Earlier in the month U.S. Forest Service Chief Tom Tidwell signed a record of decision establishing new direction for the use of fire retardant applied from aircraft to manage wildfires.
The new direction, initiated as a result of litigation in Montana, will help the Forest Service better protect water resources and certain plant and wildlife species on National Forest System lands when fighting wildfires. It will allow the Forest service to aggressively fight fire with the use of airtankers while protecting aquatic ecosystems.
Working with the U.S. Fish and Wildlife Service (USFWS) and National Marine Fisheries Service (NOAA Fisheries), the Forest Service identified and mapped waterways and habitat for certain threatened, endangered, and sensitive species in order to avoid applying retardant in those areas.
To decide when or where to drop fire retardant, fire managers now have roughly 12,000 maps identifying avoidance areas on 98 National Forest System units that identify locations of waterways and areas for hundreds of plant and animal species.
When fire managers determine retardant is the right tool to use on a wildfire, they will direct pilots to avoid applying fire retardant in the newly-mapped areas. All other firefighting tactics will be available in the avoidance areas.
The Forest Service has avoided the use of fire retardant in waterways since 2000. Guidelines used since 2000 provided three exceptions that allowed fire managers to drop retardant within 300 feet of waterways. The new direction allows one exception: when human life or public safety is threatened. However, this represents little change with how the agency fights wildfires.
“These new guidelines strike a balance between the need to supplement our boots-on-the-ground approach to fighting wildfires while protecting our waterways and important plant and animal species at the same time,” Tidwell said. “Our new approach will benefit communities, ecosystems and our fire crews.”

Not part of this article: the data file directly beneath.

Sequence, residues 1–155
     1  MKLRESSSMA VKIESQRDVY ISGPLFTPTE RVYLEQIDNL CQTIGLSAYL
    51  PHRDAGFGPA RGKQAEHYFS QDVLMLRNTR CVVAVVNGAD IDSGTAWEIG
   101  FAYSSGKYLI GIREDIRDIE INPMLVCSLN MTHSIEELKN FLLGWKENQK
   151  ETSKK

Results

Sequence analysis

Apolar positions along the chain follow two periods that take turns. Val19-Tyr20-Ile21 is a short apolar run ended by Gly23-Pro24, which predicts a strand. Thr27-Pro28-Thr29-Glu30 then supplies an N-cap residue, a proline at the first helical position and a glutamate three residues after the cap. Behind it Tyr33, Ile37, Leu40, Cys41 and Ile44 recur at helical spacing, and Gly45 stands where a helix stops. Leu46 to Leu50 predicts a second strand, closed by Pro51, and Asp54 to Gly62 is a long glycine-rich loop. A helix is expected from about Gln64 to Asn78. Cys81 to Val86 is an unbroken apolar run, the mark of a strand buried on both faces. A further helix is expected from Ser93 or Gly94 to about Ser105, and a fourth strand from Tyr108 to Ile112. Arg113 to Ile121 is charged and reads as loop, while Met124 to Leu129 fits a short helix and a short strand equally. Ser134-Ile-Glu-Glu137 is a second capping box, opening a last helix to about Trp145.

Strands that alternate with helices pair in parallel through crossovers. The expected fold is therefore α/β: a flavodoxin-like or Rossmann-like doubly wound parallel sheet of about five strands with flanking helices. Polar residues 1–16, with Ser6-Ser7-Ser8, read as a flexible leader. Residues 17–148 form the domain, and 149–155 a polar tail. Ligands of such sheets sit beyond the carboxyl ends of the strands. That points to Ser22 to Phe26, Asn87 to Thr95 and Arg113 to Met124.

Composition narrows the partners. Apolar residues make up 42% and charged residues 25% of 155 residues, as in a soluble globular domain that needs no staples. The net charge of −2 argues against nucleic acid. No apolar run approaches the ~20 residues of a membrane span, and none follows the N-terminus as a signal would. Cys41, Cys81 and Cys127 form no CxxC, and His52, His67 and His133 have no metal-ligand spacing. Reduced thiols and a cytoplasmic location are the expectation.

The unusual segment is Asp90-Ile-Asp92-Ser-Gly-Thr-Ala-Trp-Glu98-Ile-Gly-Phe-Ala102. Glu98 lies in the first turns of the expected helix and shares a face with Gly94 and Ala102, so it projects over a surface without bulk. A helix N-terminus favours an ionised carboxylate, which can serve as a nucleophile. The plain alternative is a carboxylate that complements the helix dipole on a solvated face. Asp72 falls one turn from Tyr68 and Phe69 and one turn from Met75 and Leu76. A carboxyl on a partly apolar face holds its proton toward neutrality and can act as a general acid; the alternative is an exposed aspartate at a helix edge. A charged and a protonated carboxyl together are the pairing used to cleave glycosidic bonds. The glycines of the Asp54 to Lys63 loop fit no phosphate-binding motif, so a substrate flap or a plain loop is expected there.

Forest Service research has demonstrated that fire retardant, used since the 1950s, is twice as effective as water at reducing fire intensity. The agency continues to work with industry to develop more environmentally friendly fire retardants.
In July 2010, in response to a lawsuit, the U.S. District Court for the District of Montana ordered the Forest Service to fully comply with the National Environmental Policy Act and to re-consult with USFWS and NOAA Fisheries to comply with the Endangered Species Act.
The Forest Service involved the public in the development of the new direction, including hosting five community listening sessions, several stakeholder webinars, three technical listening sessions, a science panel discussion, and several Tribal engagement events.
The new direction includes procedures for monitoring and reinitiating consultation with USFWS and NOAA Fisheries if aerially-applied fire retardant impacts certain species or habitat. The direction also provides greater protection for cultural resources including historic properties, traditional cultural resources, and sacred sites through closer coordination with states and Tribes.
Tidwell issued the decision after reviewing the analysis of three alternatives in the October 2011 Final Environmental Impact Statement and the results of the consultation with USFWS and NOAA Fisheries.
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